The action doesn’t stop there.  The previously described process is essentially true of all throttling systems in vapor compression circuits, but from here on, things are a little different.  In a normal dry evaporator,  the liquid gas combination would be carried through the entirety of the evaporator loop, gradually increasing in quality (A percentage of how much of the refrigerant is vapor), returning to the suction side of the compressor as a saturated vapor, or more likely a superheated vapor.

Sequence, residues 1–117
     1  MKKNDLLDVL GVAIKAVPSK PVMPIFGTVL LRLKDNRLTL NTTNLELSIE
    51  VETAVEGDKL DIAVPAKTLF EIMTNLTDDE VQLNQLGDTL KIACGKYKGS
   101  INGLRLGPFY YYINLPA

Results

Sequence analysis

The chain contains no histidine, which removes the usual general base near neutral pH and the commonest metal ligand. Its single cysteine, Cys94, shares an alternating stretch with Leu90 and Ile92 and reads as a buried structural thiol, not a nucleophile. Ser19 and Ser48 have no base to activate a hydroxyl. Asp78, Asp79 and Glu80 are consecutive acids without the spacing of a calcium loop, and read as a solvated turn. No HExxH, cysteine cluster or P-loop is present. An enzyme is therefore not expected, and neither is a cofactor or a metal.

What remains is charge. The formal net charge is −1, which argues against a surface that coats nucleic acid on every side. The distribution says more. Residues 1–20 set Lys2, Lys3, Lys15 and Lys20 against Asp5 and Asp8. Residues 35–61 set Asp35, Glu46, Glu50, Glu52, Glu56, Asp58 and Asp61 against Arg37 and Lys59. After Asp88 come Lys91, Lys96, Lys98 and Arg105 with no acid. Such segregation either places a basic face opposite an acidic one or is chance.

In the ebullator on the other hand, low pressure liquid is maintained to the height of the sight glass, and thus throughout the device at that level.  When the liquid/vapor combination enters the separator, the vapor – bubbles to the top and is carried away to the compressor directly,  leaving only 0% quality saturated liquid in the bottom of the separator and in the evaporator coils.  This cold liquid keeps the inside surface of the coils wet, and absorbs heat much more effectively compared to the high velocity (relatively speaking) liquid/vapor “mist” of a dry type evaporator.  As the temperature of the liquid inside the coils is presumably maintained lower than the temperature of the surrounding medium (air, water, brine, etc.), heat naturally conducts from the copper to the liquid, and of course from the environment to the copper.  In other words, the environment is cooled.